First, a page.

- You’re going to be in a better mood if you write before things go wrong in your day — as they inevitably will.
- You’ll have preserved your energy for your more important task — writing — if you write before doing anything else (especially email).
Learn to embrace practice
I’m frequently struck by the similarities between exercise, learning a musical instrument and writing. All of these activities depend upon practice. And if our feelings hold our practise hostage — that is, if we feel it necessary to feel good, or worse, inspired, about doing the work — odds are high that we’ll never do it.
But if you can make yourself take a so-small-you-can’t-fail approach, then you are bound to make progress. It’s always better to do something rather than nothing and, over time, you can increase your commitment.
I know conventional wisdom suggests that motivation leads to action. And it’s a bit of a mind-bender to think the formula works in the opposite way. But ask yourself this: what do you do when motivation dwindles or when you simply aren’t feeling motivated at all?
If you’re like most people, a lack of motivation will push you into a cycle of procrastination and you’ll likely want to postpone your writing until you feel better, more interested or more inspired. But the faster, more effective solution is to write. That’s it!
Mood follows action. Motivation won’t show up until you have written.
Be aware this means that sometimes, you will have to force yourself to write. In the same way you sometimes have to force yourself to do the dishes, clean the garage, do your income taxes, or go get exercise.
But once you’ve done those activities, you’ll immediately feel better. Why?
Mood follows action.
Always start small, very small
This strategy — of forcing yourself to write for a small amount of time — is also far more effective than trying to suppress your negative thoughts.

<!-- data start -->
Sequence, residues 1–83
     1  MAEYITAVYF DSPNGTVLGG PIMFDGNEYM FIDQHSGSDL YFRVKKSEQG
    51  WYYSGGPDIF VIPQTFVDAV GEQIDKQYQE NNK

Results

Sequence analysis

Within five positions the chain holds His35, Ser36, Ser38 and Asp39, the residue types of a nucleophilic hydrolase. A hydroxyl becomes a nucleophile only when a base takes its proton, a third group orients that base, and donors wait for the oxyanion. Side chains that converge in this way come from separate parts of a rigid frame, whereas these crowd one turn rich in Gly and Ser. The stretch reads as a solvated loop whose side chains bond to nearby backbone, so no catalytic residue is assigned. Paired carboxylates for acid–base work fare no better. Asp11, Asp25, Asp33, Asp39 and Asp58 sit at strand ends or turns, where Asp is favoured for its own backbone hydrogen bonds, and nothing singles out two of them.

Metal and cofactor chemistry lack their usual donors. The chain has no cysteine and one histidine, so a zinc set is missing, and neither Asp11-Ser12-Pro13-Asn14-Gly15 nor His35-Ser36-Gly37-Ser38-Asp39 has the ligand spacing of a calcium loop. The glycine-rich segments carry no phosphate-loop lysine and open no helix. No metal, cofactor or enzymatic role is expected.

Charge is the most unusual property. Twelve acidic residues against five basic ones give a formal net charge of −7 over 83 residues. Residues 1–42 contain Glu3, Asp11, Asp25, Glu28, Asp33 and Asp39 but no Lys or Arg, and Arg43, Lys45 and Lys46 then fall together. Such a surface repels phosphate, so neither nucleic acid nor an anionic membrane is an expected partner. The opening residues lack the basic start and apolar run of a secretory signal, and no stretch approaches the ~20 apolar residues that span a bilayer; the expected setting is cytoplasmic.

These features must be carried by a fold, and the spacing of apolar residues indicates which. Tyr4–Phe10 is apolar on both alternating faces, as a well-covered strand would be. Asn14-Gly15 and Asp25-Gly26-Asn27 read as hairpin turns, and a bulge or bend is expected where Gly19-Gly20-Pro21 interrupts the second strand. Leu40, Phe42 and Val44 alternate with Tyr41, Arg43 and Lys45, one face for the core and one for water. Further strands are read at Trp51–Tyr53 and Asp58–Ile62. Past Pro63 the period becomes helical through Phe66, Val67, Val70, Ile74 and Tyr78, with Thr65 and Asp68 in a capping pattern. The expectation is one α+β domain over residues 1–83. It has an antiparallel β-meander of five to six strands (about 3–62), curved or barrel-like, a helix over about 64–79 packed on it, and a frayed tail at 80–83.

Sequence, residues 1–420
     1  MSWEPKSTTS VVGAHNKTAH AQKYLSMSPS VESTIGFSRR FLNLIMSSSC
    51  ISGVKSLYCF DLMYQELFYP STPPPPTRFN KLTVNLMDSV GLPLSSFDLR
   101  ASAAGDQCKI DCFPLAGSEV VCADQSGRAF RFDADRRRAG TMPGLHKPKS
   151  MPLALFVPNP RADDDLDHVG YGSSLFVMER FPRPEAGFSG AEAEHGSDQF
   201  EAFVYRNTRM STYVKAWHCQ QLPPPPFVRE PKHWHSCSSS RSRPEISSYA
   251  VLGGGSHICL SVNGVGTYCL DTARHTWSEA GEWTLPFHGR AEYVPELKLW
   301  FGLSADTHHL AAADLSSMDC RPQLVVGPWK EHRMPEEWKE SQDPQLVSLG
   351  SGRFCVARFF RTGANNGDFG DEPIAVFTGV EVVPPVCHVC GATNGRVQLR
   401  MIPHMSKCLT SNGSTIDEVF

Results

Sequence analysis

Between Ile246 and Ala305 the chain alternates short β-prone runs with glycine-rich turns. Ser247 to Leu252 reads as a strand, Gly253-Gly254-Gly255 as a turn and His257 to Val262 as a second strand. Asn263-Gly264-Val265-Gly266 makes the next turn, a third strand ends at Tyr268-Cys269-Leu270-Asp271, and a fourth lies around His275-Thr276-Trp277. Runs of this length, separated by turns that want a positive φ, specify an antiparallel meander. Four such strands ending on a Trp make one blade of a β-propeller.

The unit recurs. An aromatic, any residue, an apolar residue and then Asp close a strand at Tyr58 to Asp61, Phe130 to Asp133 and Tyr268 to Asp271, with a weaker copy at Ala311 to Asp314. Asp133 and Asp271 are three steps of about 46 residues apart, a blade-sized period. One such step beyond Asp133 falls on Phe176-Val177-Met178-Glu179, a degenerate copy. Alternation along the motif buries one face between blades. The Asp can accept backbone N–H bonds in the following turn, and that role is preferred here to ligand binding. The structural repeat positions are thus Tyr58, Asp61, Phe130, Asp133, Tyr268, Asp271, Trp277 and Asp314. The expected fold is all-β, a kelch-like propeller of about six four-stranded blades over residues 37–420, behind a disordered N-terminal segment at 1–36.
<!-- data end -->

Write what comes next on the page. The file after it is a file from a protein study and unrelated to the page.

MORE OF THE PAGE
Research known as the ‘white bear theory’ suggests that the more you try to suppress thoughts, the stronger they become. And the same theory holds true for emotions as well.
The more you try to change the way you feel, the more likely you are to become stuck in your current mood.
Feelings don’t matter
How you feel is really irrelevant to the job of writing. I proved this to myself by tracking my writing for more than a year when I was working on one of my books.
My Excel spreadsheet contained four columns: the date, the amount of time I spent writing, the number of words I wrote, and how I felt about my writing that day. While I did feel great on a few days and wrote a large number of words, on most days I could see my mood was irrelevant.
More typically, I felt terrific and wrote a small number of words. Or I felt terrible and produced a bonanza crop of words.
That record-keeping taught me an indelible fact: Moods are just moods — fluid, short-term and fleeting.
If you want to become a writer, keep reminding yourself that mood follows action.
Then act. Write!
An earlier version of this post first appeared on my blog on March 30/21.
My video podcast last week described how mindmapping can help book authors. Go here to see the video or read the transcript, and you can also subscribe to my YouTube channel.
Need some help developing a sustainable writing routine? Learn more about my Get It Done program. The group is now full but there is turn-over each month, and priority will go to those who have applied first. You can go directly to the application form and you’ll hear back from me within 24 hours.
Have you ever noticed how mood always follows action? What did you take from that discovery? We can all learn from each other so, please, share your thoughts with my readers and me in the “comments” section below. Anyone who comments on today’s post (or any others) by March 31/23 will be put in a draw for a digital copy of my first book, 8 1/2 Steps to Writing Faster, Better. Please, scroll down to the comments, directly underneath the “related posts” links, below. Note that you don’t have to join Disqus to post. See here to learn how to post as a guest. It’s easy!